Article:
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What you need to know about COVID-19: September 22, 2020
As you might have deduced, I have been baking yeast breads every week, trying to earn the proficiency that comes with experience.
Last week I tried my hand at baking sweet yeast bread, namely cinnamon buns and, predictably, I learned something.
The first recipe I tried called for instant yeast. One of the benefits of using instant (or quick rise) yeast is that it can be combined with the other bread ingredients without proofing. I followed directions, combining the ingredients and kneading in enough flour to make a soft dough. Then I set the dough to rise and left it to do its work. After two hours, it looked just the same as it had when I put it in the bowl to rise – no change.
A quick look at the bottle told me that the yeast was far past the best before date. Having successfully used outdated yeast (traditional or active dry) recently, I wanted to know if there was still some life in it, so I proofed a bit in warm water with a spoonful of sugar dissolved in it. It did nothing– not a bit of frothing or foaming, not even a yeasty smell. The yeast was no longer viable.
I tried to rescue the dough, by proofing an equivalent amount of active dry yeast in sweetened water and kneading it in a bit at a time along with a little extra flour. It was an awkward process, but it did help me to create edible, if not excellent, cinnamon rolls.
Conclusion: if you only use yeast occasionally, it’s a good idea to check the date on the package before relying on it.
The following day, I started again, using active dry yeast in the recipe that follows, this time with success. Picture is posted on facebook.com/IslandGusto. When I make these cinnamon buns again, I will leave them in the oven for a few more minutes; the timing can vary depending on pan and oven used.
Adapted from Canadian Living: “The Ultimate Cookbook: Recipes from the Canadian Living Test Kitchen”. Juniper Publishing, Montreal, 2015.
310 mL (1¼ cups) butter
60 mL (¼ cup) granulated sugar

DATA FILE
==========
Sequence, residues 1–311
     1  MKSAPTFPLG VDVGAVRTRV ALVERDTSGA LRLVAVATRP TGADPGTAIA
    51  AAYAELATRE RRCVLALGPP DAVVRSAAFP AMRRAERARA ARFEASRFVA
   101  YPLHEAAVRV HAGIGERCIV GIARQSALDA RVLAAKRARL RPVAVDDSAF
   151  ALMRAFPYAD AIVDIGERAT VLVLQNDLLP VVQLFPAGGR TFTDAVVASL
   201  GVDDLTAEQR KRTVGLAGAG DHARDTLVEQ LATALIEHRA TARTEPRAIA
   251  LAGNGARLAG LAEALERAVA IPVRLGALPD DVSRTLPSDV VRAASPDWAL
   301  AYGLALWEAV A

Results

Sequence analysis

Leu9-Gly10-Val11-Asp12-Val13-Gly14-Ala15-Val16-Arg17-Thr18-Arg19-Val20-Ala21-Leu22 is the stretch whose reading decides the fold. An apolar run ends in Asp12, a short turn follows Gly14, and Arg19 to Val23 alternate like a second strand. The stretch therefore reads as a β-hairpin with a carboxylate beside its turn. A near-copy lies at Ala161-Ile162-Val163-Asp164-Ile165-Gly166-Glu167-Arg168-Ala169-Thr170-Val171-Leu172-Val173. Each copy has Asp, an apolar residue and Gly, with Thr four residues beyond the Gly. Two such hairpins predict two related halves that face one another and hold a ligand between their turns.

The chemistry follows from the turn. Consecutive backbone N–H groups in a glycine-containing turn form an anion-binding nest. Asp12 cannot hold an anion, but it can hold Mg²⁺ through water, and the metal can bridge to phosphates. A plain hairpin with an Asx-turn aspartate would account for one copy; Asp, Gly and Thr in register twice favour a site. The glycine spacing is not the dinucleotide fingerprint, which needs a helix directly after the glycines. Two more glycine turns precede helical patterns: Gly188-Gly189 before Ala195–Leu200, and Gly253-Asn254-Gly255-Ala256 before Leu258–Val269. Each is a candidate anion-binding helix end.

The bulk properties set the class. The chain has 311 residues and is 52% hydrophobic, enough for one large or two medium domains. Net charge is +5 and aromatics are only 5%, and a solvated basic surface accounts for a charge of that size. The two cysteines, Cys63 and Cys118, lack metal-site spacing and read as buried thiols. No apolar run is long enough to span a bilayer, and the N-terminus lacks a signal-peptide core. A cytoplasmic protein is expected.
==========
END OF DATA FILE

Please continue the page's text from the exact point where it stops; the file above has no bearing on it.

125 mL (½ cup) warm water (38 C/100 F)
1 pkg (8 g) OR 11 mL (2¼ tsp) active dry yeast
125 mL (½ cup) milk
5 mL (1 tsp) salt
1 egg, lightly beaten
1 L (4 cups) all purpose flour (approximately)
375 mL (1½ cups) packed brown sugar
10 mL (2 tsp) cinnamon
Bring 125 mL (½ cup) of the butter to room temperature to soften; set aside.
In large bowl, dissolve 5 mL (1 tsp) of the granulated sugar in warm water. Sprinkle in yeast; let stand until frothy, about 10 minutes.
While yeast is dissolving, in small heavy-bottomed saucepan, heat milk over medium heat until bubbles form around edge. Remove from heat; stir in 60 mL (¼ cup) of the remaining butter, the remaining granulated sugar and salt until butter is melted.
Let cool until lukewarm; stir into yeast mixture. Stir in egg. Add 500 mL (2 cups) of the flour; stir until smooth and elastic, about 2 minutes. Gradually stir in enough of the remaining flour to make soft dough.
Turn out onto lightly floured work surface; knead until smooth and springy, about 5 minutes. Transfer to greased bowl, turning to grease all over. Cover bowl with plastic wrap; let rise in warm draft-free place until doubled in bulk, about 1½ hours.
While dough is rising, melt remaining butter; pour into 3 L (13- x 9-inch) baking dish. Sprinkle with 125 mL (½ cup) of the brown sugar. Set aside.
On lightly floured work surface, roll out dough into 40 x 35 cm (16- x 14-inch) rectangle. Spread reserved softened butter over top of dough. Mix remaining brown sugar with cinnamon; sprinkle evenly over dough. Starting at 1 long side, tightly roll up; pinch seam to seal. Cut crosswise into 16 buns.
Arrange buns, cut sides up, in prepared baking dish. Cover dish with plastic wrap; let rise in warm draft-free place until doubled in bulk, about 1 hour.
Bake in 190 C (375 F) oven until golden and buns sound hollow when gently tapped, 25 to 30 minutes. Let stand in baking dish for 2 minutes; invert onto serving platter.
Makes 16 buns
Margaret Prouse, a home economist, can be reached by email at firstname.lastname@example.org.